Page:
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Common Dental Conditions and Treatments
Bridge - A false tooth or teeth, known as a pontic, which is fused between two porcelain crowns to fill in the area left by a missing tooth or teeth. The two crowns holding it in place that are attached onto your teeth on each side of the false tooth. This is known as a fixed bridge. This procedure is used to replace one or more missing teeth. Fixed bridges cannot be taken out of your mouth as you might do with removable partial dentures. In areas of your mouth that are under less stress, such as your front teeth, a cantilever bridge may be used. Cantilever bridges are used when there are teeth on only one side of the open space. Bridges can reduce your risk of gum disease, help correct some bite issues and even improve your speech. Bridges require your commitment to serious oral hygiene, but should last as many as ten years or more.
Crown - Crowns are a type of dental restoration which, when cemented into place, fully cup over the portion of a tooth that lies at and above the gum line. In comparison, fillings are dental restorations that fill in or cover over just a portion of a tooth. Since dental crowns encase the entire visible aspect of a tooth, it in effect becomes the tooth's new outer surface. Crowns can be made out of porcelain (meaning some sort of dental ceramic), metal (a gold or other metal alloy), or a combination of both. Other terms that are used to refer to crowns are "dental caps" and "tooth caps. Crowns are generally used to restore a tooth to its original shape, to strengthen a tooth or improve the cosmetic appearance. Before & After Dental Photos - Dr. Phillip Don, DDS
Decalcification is the loss of calcium from your bones or teeth. Tooth decalcification is caused by plaque buildup on tooth enamel. Eventually this will cause decay/cavities if oral care is inadequate. Braces may sometimes exhibit decalcification around the brackets.
Denture - A synthetic replacement for all of your teeth in either your upper or your lower jaw. Dentures help strengthen muscles controlling your expressions that require the support of your teeth, help with pronunciation problems caused by missing teeth. and aid with chewing.
Gingivitis is a common and mild form of gum disease that should not be ignored. It can be so mild, you may be unaware of the condition. It's important to take gingivitis seriously because it can lead to periodontitis. Periodontitis can cause tooth loss and may even increase your risk of heart attack and stroke. Women with periodontitis have been found to have a higher risk of giving birth to premature babies than are women with healthy gums. If your gums are swollen and bleed when you brush, you may have gingivitis. The most common cause of gingivitis is from improper oral hygene and lack of professional teeth cleaning . Daily brushing and flossing can help prevent gingivitis, however its usually not possible to thoroughly remove tartar by brushing and flossing alone - a professional dental cleaning every 6 to 12 months is recommended. If treated early, gingivitis may be alleviated.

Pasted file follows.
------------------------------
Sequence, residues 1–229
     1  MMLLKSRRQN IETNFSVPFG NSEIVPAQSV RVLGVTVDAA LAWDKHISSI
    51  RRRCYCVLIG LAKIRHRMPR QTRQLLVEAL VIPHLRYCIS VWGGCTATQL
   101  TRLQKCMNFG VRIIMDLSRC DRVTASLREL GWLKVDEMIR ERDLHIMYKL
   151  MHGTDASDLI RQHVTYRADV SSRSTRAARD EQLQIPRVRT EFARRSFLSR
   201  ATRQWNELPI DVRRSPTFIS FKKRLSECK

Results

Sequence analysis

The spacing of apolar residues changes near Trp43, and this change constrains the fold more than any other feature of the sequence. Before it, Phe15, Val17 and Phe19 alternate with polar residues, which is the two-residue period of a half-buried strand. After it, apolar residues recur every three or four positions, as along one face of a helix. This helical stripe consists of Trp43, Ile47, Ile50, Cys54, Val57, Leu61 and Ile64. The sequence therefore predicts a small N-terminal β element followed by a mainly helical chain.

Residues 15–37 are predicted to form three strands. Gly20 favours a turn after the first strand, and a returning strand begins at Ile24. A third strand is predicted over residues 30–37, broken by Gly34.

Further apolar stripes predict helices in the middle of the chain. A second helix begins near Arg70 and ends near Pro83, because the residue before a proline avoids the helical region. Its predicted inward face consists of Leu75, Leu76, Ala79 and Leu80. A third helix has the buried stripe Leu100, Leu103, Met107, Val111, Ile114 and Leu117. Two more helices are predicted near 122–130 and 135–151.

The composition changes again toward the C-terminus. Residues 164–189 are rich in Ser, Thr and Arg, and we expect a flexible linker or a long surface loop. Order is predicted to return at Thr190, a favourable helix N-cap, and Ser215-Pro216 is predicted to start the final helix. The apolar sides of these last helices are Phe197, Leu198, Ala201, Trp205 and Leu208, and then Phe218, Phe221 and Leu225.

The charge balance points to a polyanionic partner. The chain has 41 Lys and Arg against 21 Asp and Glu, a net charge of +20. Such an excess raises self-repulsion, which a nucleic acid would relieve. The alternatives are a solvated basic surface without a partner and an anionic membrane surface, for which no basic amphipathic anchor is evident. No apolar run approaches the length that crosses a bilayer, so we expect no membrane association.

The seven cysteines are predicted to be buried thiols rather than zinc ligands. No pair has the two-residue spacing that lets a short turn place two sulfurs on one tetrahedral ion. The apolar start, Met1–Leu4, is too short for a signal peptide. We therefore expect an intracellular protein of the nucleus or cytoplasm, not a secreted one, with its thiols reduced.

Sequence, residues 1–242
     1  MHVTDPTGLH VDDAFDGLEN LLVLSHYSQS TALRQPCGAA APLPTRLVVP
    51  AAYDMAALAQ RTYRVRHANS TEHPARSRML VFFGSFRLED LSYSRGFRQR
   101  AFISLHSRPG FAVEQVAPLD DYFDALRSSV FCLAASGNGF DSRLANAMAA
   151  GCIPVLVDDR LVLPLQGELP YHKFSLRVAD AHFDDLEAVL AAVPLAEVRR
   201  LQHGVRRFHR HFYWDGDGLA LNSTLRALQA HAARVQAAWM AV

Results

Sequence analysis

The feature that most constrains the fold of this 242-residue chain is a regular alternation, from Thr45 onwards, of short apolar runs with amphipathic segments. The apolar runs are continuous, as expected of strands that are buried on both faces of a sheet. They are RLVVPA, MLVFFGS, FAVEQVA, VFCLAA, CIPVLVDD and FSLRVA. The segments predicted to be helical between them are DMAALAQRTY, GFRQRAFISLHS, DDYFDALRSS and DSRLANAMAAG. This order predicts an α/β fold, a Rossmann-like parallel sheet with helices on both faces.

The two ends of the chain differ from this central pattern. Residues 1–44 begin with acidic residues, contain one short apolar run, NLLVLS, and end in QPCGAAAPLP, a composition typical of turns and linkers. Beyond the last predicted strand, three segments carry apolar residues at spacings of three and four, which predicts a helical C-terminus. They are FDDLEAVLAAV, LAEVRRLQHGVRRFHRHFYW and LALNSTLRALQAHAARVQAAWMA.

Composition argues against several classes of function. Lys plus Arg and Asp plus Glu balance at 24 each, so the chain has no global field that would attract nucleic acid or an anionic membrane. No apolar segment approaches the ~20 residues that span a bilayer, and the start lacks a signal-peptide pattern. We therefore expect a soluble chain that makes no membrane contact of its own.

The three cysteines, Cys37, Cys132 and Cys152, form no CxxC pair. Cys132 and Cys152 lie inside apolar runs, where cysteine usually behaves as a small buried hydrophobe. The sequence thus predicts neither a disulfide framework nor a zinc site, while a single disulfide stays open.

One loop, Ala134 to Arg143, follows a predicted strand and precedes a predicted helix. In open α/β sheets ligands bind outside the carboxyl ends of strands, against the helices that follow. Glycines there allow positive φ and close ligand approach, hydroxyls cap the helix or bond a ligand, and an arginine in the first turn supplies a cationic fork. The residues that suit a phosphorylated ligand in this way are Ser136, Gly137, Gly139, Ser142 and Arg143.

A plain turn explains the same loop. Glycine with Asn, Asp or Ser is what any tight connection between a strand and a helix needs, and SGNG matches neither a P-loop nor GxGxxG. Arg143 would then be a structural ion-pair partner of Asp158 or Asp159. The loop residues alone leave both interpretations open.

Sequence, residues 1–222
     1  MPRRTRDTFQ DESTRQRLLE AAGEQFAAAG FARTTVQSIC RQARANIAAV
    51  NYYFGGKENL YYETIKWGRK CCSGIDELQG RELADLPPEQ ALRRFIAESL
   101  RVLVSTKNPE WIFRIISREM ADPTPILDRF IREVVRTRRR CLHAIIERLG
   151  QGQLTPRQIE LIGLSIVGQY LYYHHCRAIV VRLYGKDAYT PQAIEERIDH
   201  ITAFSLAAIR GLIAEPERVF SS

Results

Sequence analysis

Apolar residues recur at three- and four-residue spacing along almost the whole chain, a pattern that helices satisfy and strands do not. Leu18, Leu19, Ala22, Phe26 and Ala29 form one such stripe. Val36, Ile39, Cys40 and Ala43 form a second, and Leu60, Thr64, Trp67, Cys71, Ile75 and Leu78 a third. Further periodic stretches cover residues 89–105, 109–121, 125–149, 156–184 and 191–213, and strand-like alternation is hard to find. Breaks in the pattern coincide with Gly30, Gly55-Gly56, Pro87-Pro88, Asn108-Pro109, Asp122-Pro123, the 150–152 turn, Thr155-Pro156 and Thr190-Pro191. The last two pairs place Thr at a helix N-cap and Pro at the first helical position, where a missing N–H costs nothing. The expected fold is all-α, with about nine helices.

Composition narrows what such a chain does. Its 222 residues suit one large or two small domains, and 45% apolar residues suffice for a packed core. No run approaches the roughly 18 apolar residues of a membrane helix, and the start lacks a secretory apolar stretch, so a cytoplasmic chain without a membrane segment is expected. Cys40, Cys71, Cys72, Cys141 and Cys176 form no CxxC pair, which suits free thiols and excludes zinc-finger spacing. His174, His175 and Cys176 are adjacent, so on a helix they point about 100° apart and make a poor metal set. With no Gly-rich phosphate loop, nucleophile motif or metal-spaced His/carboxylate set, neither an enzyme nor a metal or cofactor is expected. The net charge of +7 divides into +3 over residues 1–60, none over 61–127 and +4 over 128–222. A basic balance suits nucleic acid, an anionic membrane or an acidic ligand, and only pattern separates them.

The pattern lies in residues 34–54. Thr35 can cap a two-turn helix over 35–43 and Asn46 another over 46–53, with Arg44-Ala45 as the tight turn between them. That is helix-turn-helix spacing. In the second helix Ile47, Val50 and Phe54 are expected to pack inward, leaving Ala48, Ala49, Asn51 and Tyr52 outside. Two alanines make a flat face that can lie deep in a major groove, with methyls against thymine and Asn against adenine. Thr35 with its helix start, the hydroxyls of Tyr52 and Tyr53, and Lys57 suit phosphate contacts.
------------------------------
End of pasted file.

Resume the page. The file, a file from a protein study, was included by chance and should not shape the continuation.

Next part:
Impacted tooth - Impacted teeth that are unerupted or partially erupted teeth that cannot fully erupt. The most important thing to know about impacted teeth is that they almost always require extraction. The longer the extraction is postponed, the longer the tooth roots grows. When the roots of an impacted tooth are allowed to develop, the risk of complication due to extraction increases significantly because the tooth roots may "wrap around" sensitive facial nerves. The teeth most likely to become impacted are the third molars, also known as "wisdom teeth."
Implant - An artificial tooth root to support restorations that resemble a tooth or group of teeth. Virtually all dental implants placed today appear similar to an actual tooth root and are placed within the bone. Dental implants can also be used to support a number of dental prostheses, including crowns, bridges or dentures. Dental implants are an ideal option for people in good general oral health who have lost a tooth or teeth due to periodontal disease, an injury, or some other reason. Implants do not rely on neighboring teeth for support.
Tooth Abrasion and Erosion - Abrasion and erosion are two types of damage that can wear away the tooth's outer covering, the enamel. Sometimes they also affect deeper parts of the tooth. Tooth abrasion is caused by something rubbing or scraping against the teeth. Brushing too hard is a common cause of abrasion. Toothpicks can cause abrasion. So can partial dentures or retainers that you can remove.
Chemicals such as acids cause tooth erosion, commonly the acids in citrus and other acidic foods. It can also be caused by medical factors such as a decrease in saliva, acid reflux, certain gastrointestinal conditions and the eating disorder bulimia. Even the chlorine and other chemicals in a swimming pool can cause erosion over time. Saliva contains calcium which helps to strengthen and re-mineralize the teeth, however, this cannot occur when a great deal of acid is present. Once the cause of the erosion or abrasion is found and stopped in early stages, the process usually ends. Additional treatment may be needed to fix the tooth and stop the symptoms if damage has progressed too significantly.
Tooth Sensitivity is a common problem that affects millions of people. Basically, tooth sensitivity means experiencing pain or discomfort to your teeth from sweets, cold air, hot drinks, cold drinks & food, and/or from brushing and flossing. The good news is that sensitive teeth can be treated. If you have sensitive teeth, consult with your dentist about treatment options and rule out specific dental problems. Your dentist might recommend a fluoride treatment to help strengthen the tooth enamel.
Dr. Phillip Don, DDS